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Lunatic Soul - Lunatic Soul II CD (album) cover


Lunatic Soul


Crossover Prog

3.85 | 411 ratings

From, the ultimate progressive rock music website

3 stars Lunatic Soul is the brainchild of Mariusz Duda, lead singer and bass player of progressive band Riverside. II is the second and last chapter of their intimate musical journey through the afterlife begun back in 2008 with the self-titled debut album. And don't be misled by the harmonious whiteness of the album sleeve: the tone remains as dark, melancholic and forlorn as in the 2008 'black' album.

Highly reminiscent of the innermost moments of Opeth, Antimatter and, of course, Riverside, Lunatic Soul's second effort is a fascinating piece of work. However, I have two major problems with this album, which prevent me from rating it higher than this. First, it is a slightly uneven and intermittent album: it offers 4-5 great musical moments discontinued by an equal number of rather uninspired passages. Secondly, the fascinating ideas it proposes are developed too slowly and through excessive repetition. The duo "Limbo - Escape from ParadIce" is a good example of what I dislike about this album: put in the middle of the album, these two songs drag for about 6 minutes altogether (which is about 15% of the album) without offering any truly remarkable moment.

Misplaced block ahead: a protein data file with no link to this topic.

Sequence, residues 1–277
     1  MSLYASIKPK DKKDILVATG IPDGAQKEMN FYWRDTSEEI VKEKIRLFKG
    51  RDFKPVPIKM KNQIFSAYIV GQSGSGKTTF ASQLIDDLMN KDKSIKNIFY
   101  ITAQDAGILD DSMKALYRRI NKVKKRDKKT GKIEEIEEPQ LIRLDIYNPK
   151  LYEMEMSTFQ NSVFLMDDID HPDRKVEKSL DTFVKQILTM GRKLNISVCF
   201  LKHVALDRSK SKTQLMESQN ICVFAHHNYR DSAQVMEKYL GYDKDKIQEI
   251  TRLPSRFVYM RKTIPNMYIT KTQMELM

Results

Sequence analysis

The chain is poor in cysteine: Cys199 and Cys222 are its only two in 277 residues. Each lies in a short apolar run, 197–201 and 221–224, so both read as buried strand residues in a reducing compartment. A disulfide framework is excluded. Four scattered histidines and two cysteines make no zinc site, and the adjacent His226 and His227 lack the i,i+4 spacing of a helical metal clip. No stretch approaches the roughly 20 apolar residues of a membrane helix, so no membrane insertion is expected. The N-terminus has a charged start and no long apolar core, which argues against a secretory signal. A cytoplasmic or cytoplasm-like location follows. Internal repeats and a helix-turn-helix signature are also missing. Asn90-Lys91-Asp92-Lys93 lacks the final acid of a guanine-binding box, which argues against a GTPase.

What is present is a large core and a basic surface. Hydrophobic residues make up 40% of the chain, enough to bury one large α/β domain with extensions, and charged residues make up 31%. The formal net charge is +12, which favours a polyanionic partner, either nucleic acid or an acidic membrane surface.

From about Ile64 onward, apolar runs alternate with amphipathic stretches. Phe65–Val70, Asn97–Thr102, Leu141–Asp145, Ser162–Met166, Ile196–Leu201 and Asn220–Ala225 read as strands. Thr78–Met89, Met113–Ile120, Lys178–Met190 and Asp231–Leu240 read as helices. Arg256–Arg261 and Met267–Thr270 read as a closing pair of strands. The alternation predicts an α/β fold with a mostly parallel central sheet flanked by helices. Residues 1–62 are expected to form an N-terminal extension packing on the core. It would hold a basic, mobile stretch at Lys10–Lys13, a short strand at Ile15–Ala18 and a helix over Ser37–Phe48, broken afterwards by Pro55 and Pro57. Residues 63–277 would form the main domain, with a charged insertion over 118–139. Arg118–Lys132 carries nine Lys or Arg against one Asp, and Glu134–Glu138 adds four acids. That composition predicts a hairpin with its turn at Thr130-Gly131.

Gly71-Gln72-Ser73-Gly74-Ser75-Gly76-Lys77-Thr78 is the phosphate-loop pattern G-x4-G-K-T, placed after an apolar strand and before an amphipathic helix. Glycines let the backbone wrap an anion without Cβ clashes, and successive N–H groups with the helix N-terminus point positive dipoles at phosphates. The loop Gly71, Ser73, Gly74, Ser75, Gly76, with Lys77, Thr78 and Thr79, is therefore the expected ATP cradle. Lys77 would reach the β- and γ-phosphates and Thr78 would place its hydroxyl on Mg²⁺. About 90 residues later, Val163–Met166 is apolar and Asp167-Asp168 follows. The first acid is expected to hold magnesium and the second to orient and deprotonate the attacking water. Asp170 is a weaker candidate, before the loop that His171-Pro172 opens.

But, as I wrote above, the album contains some great songs: Asoulum starts off with a minimalistic guitar riff and an eerie vocal melody before opening up into a beautiful chorus with emotional vocal harmonies sustained by a nice synth work. Transition, which is probably the best song on the album, gains momentum only after 3 sluggish minutes of ambience and background noises: it then grows into a groovy, bitter and highly emotional lament which brings to mind some of the Patterson-era Anathema. Gravestone Hill is a dark intermezzo with acoustic guitars and beautiful vocal melodies and harmonies. Wanderings is an unexpected, lighter ending to the album: here Duda treats us with some beautiful Dave Gahan-like vocal melodies supported by an intriguing web of loops and percussions. A welcomed breath of fresh air after about 45mins of acoustic intimacy and lethargic atmospheres.

Overall, this is a very good album (3.5 stars, really) - and you will probably love it if you are a fan of any of the bands mentioned above. Personally, I know that this album will keep me coming back to it - but I also know that I will be back for the goodies (Asoulum, Transition, Wanderings) and I will almost certainly skip the rest.

lukretio | 3/5 |


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